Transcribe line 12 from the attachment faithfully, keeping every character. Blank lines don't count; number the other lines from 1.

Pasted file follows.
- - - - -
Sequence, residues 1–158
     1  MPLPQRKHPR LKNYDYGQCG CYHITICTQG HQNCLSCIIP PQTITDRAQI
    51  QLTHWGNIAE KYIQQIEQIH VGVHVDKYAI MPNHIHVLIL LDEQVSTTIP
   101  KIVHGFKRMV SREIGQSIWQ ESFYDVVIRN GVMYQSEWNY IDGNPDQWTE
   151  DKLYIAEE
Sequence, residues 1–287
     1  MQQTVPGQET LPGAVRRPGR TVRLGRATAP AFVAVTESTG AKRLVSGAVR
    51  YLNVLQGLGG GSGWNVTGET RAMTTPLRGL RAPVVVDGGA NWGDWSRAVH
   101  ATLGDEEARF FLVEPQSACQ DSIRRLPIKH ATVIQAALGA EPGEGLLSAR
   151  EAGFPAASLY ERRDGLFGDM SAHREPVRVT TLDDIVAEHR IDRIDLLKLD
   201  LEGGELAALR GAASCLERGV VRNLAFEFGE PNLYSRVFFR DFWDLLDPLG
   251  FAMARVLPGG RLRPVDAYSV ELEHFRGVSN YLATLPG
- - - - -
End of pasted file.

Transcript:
   251  FAMARVLPGG RLRPVDAYSV ELEHFRGVSN YLATLPG